I have to mention the speech specialist, Miss A, the Different Strokes for Different Folks master. For my class, she takes on three at a time. She may work from left to right or she may have to change it up. D doesn’t talk so she employs Big Macs for him but has to record and enter different prompt words or phrases for different occasions, and occasions change by the minute. She’s in constant motion, engaging and reengaging all three of them, with their different abilities, using her voice, eyes, and touch. It is a balance, as she juggles all three of their attentions at one time, keeping these normally ephemeral attentions suspended in the rarified air of engagement and discovery. They love every minute of it. You can see her powers invisibly lifting them up. It shows in their eyes and the corners of their mouths when they smile.

    The climate she creates encourages enlightenment, inspires them to keep on learning. Fun on the surface with serious learning just underneath is the name of the game.

    When you can’t talk, how do you communicate? With your eyes and touch. With the PCS Board with the Core 40 set of symbols for words and expressions, or the Tobii Dynaview 1-15+ which allows you to talk with your eyes even if your limbs are awkward or useless. This Hawking-like device costs over fifteen thousand dollars and is worth every penny. But when it comes down to it, the cleverest and most effective devices are the teachers, SEAs and SETs. The human touch can never be underrated.

    You realize after a while that many of these kids will never be alone. They will always need help. They’ll never cash a paycheck, or get married, or be independent. There will be no cure in their futures. Some of the parents have no plan for their child’s future, denying their own mortality and expiration date.
    When I see somebody struggling to get a fork full of food, any food, into their mouth, I see that challenges are relative, individual, and we each have our own. The fact that I can shower, fix my own breakfast, dress myself and drive to work is seen from a different perspective. I no longer see a just a routine. It becomes a blessing, one of those blessings formerly taken for granted.

    Mister D, Ancient Wisdom One, is leaning over C in his wheelchair, feeding him lunch, spoonful by spoonful, wiping his chin. Mister D is insightful, erudite, and can hold up his end of a decent conversation.

    “Chew it smaller and smaller,” he tells C, holding his head back gently, wiping his chin with his bib.

    “Chew it smaller, that’s it. Smaller and smaller.”

    I’ve never seen a man more tender. D wears a grizzled beard and wire-rimmed glasses that can see through bull****. His voice proves to be a soothing unguent to the boy propped back in his wheelchair, covered from lap to neck.
    “Chew smaller. Chew smaller.”

    Relaxing Music for Reading plays on the Promethean Board while Mr. D’s left hand cradles C’s head, and his right hand holds the nourishing spoon.

    “Chew, chew, chew.”

    The beauty of life’s poetry floors me at times. To live, you have to chew in order to swallow life.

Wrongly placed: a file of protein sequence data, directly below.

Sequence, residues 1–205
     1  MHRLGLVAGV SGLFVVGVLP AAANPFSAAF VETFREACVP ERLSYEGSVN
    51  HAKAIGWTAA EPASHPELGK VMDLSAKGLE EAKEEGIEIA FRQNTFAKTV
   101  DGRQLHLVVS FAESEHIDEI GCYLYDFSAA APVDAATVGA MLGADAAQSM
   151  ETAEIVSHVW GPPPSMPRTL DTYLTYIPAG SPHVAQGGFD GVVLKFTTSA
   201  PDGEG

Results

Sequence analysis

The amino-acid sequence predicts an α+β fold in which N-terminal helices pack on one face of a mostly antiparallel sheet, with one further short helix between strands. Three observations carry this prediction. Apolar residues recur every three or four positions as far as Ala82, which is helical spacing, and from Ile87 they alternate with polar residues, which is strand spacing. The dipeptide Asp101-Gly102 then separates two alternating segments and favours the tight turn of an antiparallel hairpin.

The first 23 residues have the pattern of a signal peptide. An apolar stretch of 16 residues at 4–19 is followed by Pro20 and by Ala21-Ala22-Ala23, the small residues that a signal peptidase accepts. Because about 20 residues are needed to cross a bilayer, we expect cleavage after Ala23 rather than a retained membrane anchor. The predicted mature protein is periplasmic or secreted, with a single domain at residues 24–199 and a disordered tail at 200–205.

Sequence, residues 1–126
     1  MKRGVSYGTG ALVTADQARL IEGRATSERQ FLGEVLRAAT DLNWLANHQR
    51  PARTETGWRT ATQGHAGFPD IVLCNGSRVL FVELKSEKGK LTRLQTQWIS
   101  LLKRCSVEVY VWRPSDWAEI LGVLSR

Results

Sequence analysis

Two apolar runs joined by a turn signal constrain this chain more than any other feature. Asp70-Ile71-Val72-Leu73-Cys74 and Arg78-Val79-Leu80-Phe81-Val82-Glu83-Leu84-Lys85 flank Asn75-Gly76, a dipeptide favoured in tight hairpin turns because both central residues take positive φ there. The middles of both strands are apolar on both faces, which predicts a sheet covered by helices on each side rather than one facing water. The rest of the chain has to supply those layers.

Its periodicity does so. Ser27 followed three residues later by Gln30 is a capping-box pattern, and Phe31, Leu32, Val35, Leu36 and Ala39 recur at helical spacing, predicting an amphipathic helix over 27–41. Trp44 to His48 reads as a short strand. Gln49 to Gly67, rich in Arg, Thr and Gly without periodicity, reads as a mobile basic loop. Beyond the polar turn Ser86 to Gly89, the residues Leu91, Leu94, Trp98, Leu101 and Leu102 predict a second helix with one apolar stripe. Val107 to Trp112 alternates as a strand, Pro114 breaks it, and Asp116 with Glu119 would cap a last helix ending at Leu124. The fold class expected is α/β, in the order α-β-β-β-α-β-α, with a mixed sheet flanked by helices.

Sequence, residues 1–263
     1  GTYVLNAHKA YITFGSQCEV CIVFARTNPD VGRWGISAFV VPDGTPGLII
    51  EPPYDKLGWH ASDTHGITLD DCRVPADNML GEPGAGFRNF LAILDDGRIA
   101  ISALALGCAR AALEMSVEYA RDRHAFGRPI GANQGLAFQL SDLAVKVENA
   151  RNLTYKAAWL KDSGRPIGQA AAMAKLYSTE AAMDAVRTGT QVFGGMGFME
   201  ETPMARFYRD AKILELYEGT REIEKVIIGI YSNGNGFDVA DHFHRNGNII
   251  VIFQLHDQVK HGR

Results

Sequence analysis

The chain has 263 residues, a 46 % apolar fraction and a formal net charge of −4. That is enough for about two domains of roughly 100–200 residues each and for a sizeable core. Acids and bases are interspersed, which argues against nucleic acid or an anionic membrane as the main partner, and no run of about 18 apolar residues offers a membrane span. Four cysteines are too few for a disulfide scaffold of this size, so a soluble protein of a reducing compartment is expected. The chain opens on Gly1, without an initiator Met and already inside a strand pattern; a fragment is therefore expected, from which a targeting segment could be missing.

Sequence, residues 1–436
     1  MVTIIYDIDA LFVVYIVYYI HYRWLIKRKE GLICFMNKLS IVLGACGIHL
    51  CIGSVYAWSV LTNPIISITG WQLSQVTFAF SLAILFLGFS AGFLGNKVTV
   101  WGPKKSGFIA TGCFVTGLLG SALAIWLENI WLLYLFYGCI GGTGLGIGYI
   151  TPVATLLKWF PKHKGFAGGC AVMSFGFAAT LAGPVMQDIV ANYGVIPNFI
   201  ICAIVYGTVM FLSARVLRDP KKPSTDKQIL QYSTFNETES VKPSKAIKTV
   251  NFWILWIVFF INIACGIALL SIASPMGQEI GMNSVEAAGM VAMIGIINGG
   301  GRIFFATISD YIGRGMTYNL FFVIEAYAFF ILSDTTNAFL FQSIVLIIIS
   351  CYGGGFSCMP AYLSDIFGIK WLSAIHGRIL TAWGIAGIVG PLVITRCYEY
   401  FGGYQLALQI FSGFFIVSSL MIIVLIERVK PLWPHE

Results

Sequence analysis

On Tuesday, H takes twenty-three steps with some assistance. On Wednesday, it’s twenty-four. I teach S how to make a proper Y and later, how to hook his lower-case g to the left. The progress is there. It’s just dragging its heels, and here’s why:

    Quadriplegic. Cerebral Palsy. Visual Impairment. Seizure Disorders. Ulcerative Colitis. Severe Oropharyngeal Dysphagia. Spasticity and Contraction of all Extremes. Downs Syndrome. Autism. If you can imagine it; our kids have it…in spades.

    Caseloads exceed those specified in union contracts. A flyer hangs on the wall and reads,

    “Stop Understaffing Special Ed! Jan.30th Meeting”

    Special education teachers write Individual Education Program reports for each of their students. They must plan meetings with parents and service providers, check schedules, write reports, deal with extreme behavior issues, while balancing competing priorities from various supervisors. A special educator spends more time in meetings and doing paperwork than teaching. No wonder the burn-out rate is fast and furious.

    “Prep period? What’s a Prep period? Lunch? You take it when you can.”

    Helped The Senator, Goodfella, and D make Rice Crispy Treats under the tutelage of Mr. D. Coated the pan with spray, while all three pulled on blue Nitrile gloves. Mixed up the rice and miniature marshmallows, then added vanilla and put them in a bowl.

    Microwaved the mix then put it in a glass pan. Pounded it, patted it, put it in the fridge. Fifteen minutes later, watched Middle School, the Worst Years of My Life, ate Rice Crispy Treats and enjoyed the show. Pedro from Napoleon Dynamite was in it. All the kids ate one, including me, and D went back for seconds.

    Once upon a time I was a regular teacher. When you have five periods a day with thirty-five kids each period, it’s hard to form emotional connections, the sheer numbers prohibit it. With eight kids it’s a different story. Within a week, you’re hooked.

    Tone, touch, eye contact, is imperative, if you want to garner attention. And don’t forget, model, model, model. Monkey see, monkey do, is the essence of effective education.

    Did a reading lesson with E today called Louie Shops on Line, a wants and needs lesson. It’s on a touchscreen, bad for me and bad for E, as I let her touch it four times and me twice. That’s six times I have to stride across the room to seek C’s help to reset the screen to the previous page. Touchscreen, the amazing teaching-tool, and bane of my existence, me being Mister Awkward Fingers, has a hard time with it. M thinks it’s funny and laughs. When it comes to awkward fingers, she knows we’re in the same boat.

    H, on this day, dread-locked and happy, cries out a greeting to me when she’s rolled in the door.